Eating new foods at early ages can create a lifetime affinity with a little touch of addiction in the affinity. The more powerful the early experience, the more strange addictive power it will hold over you.
I don't fight it. I enjoy it.
My father was the Columbus of the children's tastebud world, always hunting a new place to land. Nothing made him happier than introducing his child to any kind of new experience. But I do believe he had a preference for sharing the joy of new tastes.
When I was a very small child, the first few times I went to town with Daddy, there was a man we called "The Tamale Man."
One day Daddy asked me, "Do you want a tamale?" I had no idea what a tamale tasted like since I had never eaten one. But curiosity grabbed me and I said, "Yes." It was the best-tasting tamale of my entire life. Every time I went to town I started hunting "The Tamale Man." I honestly believe the very top tamale man in heaven came down and helped him prepare every batch.
Recently, I was telling my old picking-and-grinning pal, Jerre Haskew, about "The Tamale Man's" short run through my life -- almost crying out loud at the memory of those mouthwatering morsels. And behold -- he remembered "The Tamale Man!"
He said, "If you want a great tamale, go down to Champy's in the 500 block of MLK (Boulevard)."
With this conversation fresh in mind, my wife and I went to bed and started talking about tamales. The prophet Hezekiah said, "It is not romantic to lie in bed and talk about tamales," but we did it anyway. The longer we talked, the more we wanted one, so we sprang from bed, ran for the old band bus and headed for Champy's.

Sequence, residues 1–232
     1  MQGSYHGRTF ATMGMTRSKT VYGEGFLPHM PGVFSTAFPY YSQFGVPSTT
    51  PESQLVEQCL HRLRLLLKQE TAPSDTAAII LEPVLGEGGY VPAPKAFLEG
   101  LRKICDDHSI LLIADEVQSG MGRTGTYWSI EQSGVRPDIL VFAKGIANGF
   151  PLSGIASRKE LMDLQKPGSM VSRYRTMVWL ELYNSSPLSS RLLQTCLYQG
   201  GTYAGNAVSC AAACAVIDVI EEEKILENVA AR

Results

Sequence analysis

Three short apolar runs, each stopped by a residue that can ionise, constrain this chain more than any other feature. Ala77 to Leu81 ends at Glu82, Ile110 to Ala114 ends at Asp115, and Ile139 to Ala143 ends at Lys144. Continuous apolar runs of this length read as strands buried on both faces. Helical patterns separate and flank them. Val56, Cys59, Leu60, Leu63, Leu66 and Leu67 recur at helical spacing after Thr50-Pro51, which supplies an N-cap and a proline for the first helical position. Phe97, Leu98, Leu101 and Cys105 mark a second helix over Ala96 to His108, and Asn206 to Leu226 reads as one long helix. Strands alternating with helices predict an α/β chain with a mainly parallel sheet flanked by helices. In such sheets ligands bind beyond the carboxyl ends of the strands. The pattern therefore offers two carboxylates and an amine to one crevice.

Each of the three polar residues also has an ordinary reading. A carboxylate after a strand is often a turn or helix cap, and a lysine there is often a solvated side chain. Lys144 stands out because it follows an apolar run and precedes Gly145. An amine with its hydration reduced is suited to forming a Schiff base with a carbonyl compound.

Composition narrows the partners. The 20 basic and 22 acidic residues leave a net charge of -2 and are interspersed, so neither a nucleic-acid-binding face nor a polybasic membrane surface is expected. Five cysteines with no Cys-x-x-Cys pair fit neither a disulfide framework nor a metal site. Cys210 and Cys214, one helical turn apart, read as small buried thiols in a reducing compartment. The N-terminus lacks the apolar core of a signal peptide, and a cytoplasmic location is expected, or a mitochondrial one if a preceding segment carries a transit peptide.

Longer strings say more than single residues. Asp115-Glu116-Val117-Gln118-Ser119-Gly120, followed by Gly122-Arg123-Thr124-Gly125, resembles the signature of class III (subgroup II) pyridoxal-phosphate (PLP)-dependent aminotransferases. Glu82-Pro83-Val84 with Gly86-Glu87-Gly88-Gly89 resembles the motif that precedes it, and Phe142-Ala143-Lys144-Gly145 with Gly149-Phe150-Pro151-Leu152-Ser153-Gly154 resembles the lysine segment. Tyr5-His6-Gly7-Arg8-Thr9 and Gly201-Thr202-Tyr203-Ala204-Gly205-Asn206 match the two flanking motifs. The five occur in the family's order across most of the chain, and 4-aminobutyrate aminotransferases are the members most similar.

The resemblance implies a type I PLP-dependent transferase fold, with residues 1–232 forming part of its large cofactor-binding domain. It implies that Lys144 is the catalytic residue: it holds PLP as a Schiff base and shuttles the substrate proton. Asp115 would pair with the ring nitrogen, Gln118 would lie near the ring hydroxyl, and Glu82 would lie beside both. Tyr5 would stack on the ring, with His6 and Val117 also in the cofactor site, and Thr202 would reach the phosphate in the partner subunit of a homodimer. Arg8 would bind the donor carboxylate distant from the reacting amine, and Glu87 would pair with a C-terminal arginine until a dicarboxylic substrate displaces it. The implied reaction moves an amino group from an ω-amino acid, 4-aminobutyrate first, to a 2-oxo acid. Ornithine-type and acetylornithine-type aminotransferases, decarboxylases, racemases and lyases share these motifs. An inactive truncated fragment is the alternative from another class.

It was a fine decision. We ordered six corn-husk wrapped, beef-filled tamales for $9.95. We proved the great prophet, Hezekiah, wrong because the tamales deeply enhanced our marriage.
The reason I tell you these kinds of stories about good places to go and good things to do is because I cannot stand the thought of there being one culturally deprived man, woman or child in Hamilton County. I remember so painfully how culturally deprived I was before I met, "The Tamale Man."
One more thing, we have now made contact with fried pies -- apple and peach. I thought they died with my mother because none of the better women cooks in my family practiced the fine art of "fried pie-ery." I haven't had a memorable fried pie until last week at Ken's on Highway 58.
Ken and his wife, Frances, run Ken's, right below Central High School, and his fried pies are worth participating in with a thumb and four fingers. It may not carry you back to Old Virginia, but I feel sure it will carry you back to Momma's kitchen and early childhood.
Recently, we enjoyed a late breakfast with Charles and Bobbi Wright in Chickamauga. Later in the day, Bobbi served us an afternoon treat of "'blueberry ice cream." Bobbie put a layer of frozen blueberries in each of our bowls, covered them with 2 percent milk, lightly dusted the tops with sugar and, as if by magic, we had delicious, instant "blueberry ice cream."
Send me your "twicks" for similar treats.